I grew up with the TMNT. I had nearly every toy made. I even had a couple of costumes. I was excited when I was 8 years old that they were making a live action movie. I got to say, from an 8 year old’s perspective it didn’t disappoint. I had a mix of emotions when I was going to see the 2014 not so “live” action movie. Early on there was talk that the Turtles would be from outer space and other horrible rumors. Because of this my biggest emotion was fear, fear that producers would ruin one of my childhood favorites. (some spoilers ahead)
The movie begins with a really cool comic book feel during the opening credits. We then jump right into the story. It is the same old Turtle story, The Foot Clan is terrorising New York, lead by the ruthless Shredder. April O’Neil (Megan Fox) is not a hard-hitting reporter in this version, but she wants to be, BAD! She is trying to get information about the latest crime from a dock worker when she is reminded by her camera man Vernon Fenwick (Will Arnett) that they have to go into the city and do a piece on trampoline bird exercises.
The back story of April is a lot different in this version. It is a little odd and awkward. I kind of liked it, but they should have cleaned it up a little bit. There was too much “thinking out loud” to get April to come to the conclusion that the Turtles were her childhood pets/her dad’s lab experiment.
I actually enjoyed the new CGI Turtles. They were able to do a lot of things that actors in rubber suits couldn’t do. It was done well enough that once you get lost in the story you don’t even realize that they are CGI. The plot itself is so over predictable it actually gets a little boring in spots. The action scenes for the most part are shot really well, but they too drag on a bit.
One of the common themes amongst the entire Turtles franchise that this movie stays true to, is that Raphael is the only Turtle with any glimpse at character development. He is always the outsider and seems bitter because he is not the leader. It is evident from the cartoons and even from the original films that Raph is the stronger fighter of the brothers, and this movie makes no bones about continuing that distinction. Raph is the biggest, strongest, and roughest of all the brothers. However, this physical strength is just the tip of the iceberg for Raph. His real strength is actually drawn from what he views as a weakness. Let me explain…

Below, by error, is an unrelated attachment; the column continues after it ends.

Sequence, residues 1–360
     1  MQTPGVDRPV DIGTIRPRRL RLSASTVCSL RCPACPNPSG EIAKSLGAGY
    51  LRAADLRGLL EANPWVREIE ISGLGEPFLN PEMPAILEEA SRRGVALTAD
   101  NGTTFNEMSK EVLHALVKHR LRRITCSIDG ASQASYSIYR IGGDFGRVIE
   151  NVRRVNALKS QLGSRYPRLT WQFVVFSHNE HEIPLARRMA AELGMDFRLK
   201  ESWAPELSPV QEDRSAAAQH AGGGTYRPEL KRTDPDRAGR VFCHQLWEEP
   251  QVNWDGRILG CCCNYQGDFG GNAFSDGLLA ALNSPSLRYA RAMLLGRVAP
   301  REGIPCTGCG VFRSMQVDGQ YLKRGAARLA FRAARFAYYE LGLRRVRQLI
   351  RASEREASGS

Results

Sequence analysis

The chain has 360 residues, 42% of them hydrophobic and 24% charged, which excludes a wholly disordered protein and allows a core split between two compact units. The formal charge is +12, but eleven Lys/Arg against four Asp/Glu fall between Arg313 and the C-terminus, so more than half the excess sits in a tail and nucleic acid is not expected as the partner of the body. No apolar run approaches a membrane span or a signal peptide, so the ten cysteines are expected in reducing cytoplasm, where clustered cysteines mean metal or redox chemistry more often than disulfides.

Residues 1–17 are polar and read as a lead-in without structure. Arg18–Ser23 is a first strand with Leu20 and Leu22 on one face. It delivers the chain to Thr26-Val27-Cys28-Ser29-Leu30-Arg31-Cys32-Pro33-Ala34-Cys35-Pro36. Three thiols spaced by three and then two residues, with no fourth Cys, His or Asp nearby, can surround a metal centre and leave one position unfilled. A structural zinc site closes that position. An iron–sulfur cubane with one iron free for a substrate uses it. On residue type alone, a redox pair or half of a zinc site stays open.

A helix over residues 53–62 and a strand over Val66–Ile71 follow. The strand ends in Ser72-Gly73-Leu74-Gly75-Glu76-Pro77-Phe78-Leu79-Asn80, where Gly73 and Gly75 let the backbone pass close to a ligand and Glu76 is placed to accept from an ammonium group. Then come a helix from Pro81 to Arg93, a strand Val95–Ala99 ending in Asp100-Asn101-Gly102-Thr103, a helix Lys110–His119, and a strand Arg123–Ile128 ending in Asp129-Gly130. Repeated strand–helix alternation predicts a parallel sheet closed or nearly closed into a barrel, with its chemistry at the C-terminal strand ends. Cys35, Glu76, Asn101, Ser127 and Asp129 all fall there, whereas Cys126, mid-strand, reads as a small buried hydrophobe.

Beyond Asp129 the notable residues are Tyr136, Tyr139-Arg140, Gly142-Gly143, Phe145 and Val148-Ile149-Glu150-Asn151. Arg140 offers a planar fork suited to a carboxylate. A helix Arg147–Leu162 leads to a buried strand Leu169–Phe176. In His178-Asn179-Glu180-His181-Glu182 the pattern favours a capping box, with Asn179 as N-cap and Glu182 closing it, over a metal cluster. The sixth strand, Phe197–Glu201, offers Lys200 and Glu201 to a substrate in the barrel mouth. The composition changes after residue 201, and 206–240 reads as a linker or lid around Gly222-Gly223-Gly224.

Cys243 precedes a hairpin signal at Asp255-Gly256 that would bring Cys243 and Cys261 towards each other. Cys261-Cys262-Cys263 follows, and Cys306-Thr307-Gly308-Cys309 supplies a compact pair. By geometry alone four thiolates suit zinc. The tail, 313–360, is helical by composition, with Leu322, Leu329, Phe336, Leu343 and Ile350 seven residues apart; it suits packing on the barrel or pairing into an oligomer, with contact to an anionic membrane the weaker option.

The apostle Paul once wrote to the Christians in Corinth about how “power is perfected in weakness” (2 Cor. 12:9). His point there was that the weaker he was, the more he needed to rely on Jesus. The more he relied on Jesus, the stronger he actually became. Something for all of us to remember. With Raphael, as he spills his heart to his brothers near the end of the film, a scene which was surprisingly resonating, he explains that all his threats to leave and go on his own were only because he didn’t think he was good enough to be with them. He pushed them away so as not to expose his perceived weaknesses by comparison. In reality, it was all four brothers coming together as a team, and as a family, which made them each stronger. They lifted each other up and gave each other strength. As Christians, Jesus lifts us up and gives us his strength.
I enjoyed the vintage references of “Cowabunga” and skateboards. They all keep their traditional personalities, especially Michaelangelo. There are also great Pizza Hut commercials placed throughout the film which is typical of these types of films. Just like a pizza can be a little shallow or pretty deep in its toppings, a movie can be either shallow or deep in many regards. When it comes to TMNT, I think there are some aspects of the family element that are a little deeper than you might initially give it credit for.
In once scene, Splinter is dueling Shredder and is beginning to lose the fight. Splinter lowers a few gates to cut himself off from the turtles so they don’t interfere and get hurt themselves. As he’s doing this, Michaelangelo and Donatello call out to him, “Master!”, “Sensei!”. Leonardo does as well, but then as he becomes more frantic in trying to reach Splinter, he calls him “Dad!”. Chew your popcorn at the right moment and you might not hear it. It seems like a very small thing, but I think it speaks volumes about the depth of their relationship. Leo sees splinter as not just his master, or his sensei, but as his dad. To be fair, it’s likely that all the turtles viewed him this way, but Leo puts a voice to it. There’s a lot to be said for Leo being the leader of the turtles and having this connection with Splinter. I thought it was a nice touch at this moment in the film which gave us just a very quick touch of some depth to this family.
I was impressed that they kept the language down. It almost seemed forced when they did curse and it was only towards the end that I caught it. The movie is rated PG13 and I would that is a pretty fair rating,I would use caution taking a kid under 10.
I give this movie a rating of 3/5